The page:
Alabama voters will have the chance to approve a state constitutional amendment in November that says there is no right to abortion.
State Rep. Matt Fridy, a Republican, said he had the future in mind when he proposed the amendment,
according to AL.com. He told the local news that he was thinking about Tennessee where the state Supreme Court ruled that a woman has a “right” to abortion under the state constitution.
That ruling made it basically impossible for Tennessee lawmakers to pass even moderate abortion regulations, such as parental consent for minors or a ban on taxpayer-funded abortions. In 2014, Tennessee voters approved a ballot measure to amend their constitution to make it clear there is no right to abortion.
Fridy said he wants to prevent the same potential court trouble in Alabama.
He told the local news:
“We don’t know from generation to generation what the composition of the Alabama Supreme Court is going to be,” Fridy said. “Things change quickly, and you can look at a lot of issues, even recently, to see significant change, judicial change, that’s come about much faster than anybody had ever anticipated.
“So, to say that the Alabama Supreme Court as presently constituted is unlikely to interpret the Alabama Constitution to provide for a right to an abortion doesn’t eliminate the need for placing in our organic law a manner in which to interpret the constitution as we go forward.”
The proposed amendment says the Alabama Constitution does not protect a right to abortion or taxpayer-funded abortions. It also directs state policy “to recognize and support the sanctity of unborn life and the rights of unborn children, including the right to life.”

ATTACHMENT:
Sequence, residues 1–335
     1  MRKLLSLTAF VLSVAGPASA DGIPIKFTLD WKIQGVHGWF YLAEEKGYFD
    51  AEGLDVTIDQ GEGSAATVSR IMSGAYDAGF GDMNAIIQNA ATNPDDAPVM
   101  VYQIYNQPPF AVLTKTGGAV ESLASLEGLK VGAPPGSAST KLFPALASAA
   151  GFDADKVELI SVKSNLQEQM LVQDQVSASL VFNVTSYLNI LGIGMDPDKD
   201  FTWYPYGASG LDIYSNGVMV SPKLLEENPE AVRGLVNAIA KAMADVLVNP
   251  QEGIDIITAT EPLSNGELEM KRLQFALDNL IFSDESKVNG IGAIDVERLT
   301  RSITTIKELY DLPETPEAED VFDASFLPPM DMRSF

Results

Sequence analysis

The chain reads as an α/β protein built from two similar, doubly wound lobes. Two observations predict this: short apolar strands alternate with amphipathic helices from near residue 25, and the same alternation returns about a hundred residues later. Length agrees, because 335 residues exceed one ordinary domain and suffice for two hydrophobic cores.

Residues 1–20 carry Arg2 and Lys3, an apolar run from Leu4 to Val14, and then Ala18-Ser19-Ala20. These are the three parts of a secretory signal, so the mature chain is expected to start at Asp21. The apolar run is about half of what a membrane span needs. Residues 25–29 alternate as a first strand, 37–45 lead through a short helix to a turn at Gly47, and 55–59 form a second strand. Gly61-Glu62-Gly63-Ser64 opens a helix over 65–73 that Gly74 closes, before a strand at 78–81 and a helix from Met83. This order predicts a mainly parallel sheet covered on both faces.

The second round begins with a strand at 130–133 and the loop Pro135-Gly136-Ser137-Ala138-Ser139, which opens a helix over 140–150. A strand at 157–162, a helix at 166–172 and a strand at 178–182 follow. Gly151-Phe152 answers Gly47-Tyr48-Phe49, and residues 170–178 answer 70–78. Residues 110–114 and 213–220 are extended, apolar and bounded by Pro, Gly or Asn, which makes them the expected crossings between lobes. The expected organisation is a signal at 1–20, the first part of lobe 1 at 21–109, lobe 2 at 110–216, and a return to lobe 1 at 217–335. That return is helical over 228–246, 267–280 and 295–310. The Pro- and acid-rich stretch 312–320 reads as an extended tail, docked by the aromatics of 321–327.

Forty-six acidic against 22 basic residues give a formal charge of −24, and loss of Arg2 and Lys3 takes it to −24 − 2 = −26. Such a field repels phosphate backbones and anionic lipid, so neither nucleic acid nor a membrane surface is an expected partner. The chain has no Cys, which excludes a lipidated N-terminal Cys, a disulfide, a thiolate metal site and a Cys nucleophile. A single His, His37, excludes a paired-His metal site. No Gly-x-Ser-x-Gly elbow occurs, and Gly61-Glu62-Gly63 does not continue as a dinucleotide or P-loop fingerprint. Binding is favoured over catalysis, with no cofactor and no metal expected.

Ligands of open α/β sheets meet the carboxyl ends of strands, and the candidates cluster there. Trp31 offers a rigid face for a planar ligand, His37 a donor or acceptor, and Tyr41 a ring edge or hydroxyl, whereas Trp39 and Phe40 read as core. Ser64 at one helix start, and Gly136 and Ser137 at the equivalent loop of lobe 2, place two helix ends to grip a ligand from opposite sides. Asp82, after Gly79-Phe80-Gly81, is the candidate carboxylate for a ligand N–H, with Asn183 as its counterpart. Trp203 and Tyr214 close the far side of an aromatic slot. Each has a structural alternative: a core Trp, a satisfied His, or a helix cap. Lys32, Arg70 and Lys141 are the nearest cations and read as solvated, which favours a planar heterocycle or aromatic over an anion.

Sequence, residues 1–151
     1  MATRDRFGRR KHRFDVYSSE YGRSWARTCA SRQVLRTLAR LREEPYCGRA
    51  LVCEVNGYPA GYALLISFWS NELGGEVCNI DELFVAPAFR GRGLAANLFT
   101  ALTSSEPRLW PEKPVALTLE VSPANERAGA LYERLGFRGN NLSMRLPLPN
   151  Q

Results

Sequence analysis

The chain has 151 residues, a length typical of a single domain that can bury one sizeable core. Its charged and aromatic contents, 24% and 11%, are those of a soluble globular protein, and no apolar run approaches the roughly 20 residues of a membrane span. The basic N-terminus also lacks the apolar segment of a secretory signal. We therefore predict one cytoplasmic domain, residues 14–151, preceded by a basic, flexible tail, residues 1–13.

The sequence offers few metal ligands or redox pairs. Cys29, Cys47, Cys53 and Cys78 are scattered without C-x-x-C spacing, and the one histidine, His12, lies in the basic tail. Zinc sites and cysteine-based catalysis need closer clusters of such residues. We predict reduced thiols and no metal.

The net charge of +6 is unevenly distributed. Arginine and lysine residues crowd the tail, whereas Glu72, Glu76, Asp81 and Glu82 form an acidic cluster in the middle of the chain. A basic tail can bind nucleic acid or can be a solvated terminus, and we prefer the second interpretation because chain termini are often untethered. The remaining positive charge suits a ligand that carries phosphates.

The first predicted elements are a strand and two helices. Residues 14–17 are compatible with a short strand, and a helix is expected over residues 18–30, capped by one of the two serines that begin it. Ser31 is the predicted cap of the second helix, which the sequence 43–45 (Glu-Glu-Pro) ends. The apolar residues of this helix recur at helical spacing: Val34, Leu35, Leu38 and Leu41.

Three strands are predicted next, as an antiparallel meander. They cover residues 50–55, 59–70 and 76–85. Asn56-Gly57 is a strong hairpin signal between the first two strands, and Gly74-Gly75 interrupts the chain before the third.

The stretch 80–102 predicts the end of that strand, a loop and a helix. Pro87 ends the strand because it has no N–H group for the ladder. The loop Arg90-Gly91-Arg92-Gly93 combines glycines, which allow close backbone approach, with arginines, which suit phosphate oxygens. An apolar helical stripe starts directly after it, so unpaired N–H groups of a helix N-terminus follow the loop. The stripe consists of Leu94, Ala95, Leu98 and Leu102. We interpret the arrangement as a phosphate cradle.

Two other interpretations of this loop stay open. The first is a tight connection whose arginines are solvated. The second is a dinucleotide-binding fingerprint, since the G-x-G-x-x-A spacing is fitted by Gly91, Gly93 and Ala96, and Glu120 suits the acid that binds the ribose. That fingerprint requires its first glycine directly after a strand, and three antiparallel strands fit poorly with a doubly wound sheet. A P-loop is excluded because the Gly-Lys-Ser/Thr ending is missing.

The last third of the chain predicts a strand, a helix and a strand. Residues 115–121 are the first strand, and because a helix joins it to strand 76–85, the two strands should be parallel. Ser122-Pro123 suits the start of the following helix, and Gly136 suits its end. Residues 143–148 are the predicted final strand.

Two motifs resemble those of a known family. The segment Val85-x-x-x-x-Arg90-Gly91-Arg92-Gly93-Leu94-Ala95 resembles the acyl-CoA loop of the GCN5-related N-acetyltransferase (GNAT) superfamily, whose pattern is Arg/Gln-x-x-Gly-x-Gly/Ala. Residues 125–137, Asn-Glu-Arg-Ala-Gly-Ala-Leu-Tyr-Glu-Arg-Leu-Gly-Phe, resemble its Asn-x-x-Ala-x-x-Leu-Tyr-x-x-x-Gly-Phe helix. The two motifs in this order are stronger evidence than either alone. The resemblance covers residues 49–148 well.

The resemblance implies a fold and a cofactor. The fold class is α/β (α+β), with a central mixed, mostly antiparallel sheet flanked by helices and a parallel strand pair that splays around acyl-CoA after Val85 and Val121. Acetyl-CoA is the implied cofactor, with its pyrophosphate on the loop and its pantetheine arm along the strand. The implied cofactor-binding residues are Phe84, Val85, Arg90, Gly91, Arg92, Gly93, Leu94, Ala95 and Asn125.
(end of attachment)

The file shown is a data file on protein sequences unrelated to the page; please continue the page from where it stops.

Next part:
Eric Johnston, a Birmingham attorney and president of the Alabama Pro Life Coalition, said the amendment could be helpful if the U.S. Supreme Court overturns Roe v. Wade.
“If the U.S. Supreme Court ever comes back and reverses Roe, then we’ve got a strong statement of public policy which we then will put into effect by enacting, if the Legislature will do it, a statute that criminalizes abortion,” Johnston said.
Alabama pro-lifers expressed strong hopes that voters will approve the amendment in November.
Meanwhile, a Planned Parenthood branch in Alabama is fighting against it.
“… Alabama politicians have proven time and time again that they will do everything within their power to eliminate women’s access to safe, legal abortion, and this amendment is their latest attempt,” a spokesperson for the abortion chain said. “This constitutional amendment will serve as a mandate to pursue even more extreme restrictions and bans.”
West Virginians will vote on a similar state constitutional amendment in November. The amendment would make it easier for the state to pass pro-life laws, including a restriction on taxpayer funding for abortions. Because of a state Supreme Court ruling, West Virginia taxpayers are required to fund elective abortions for low-income women through Medicaid.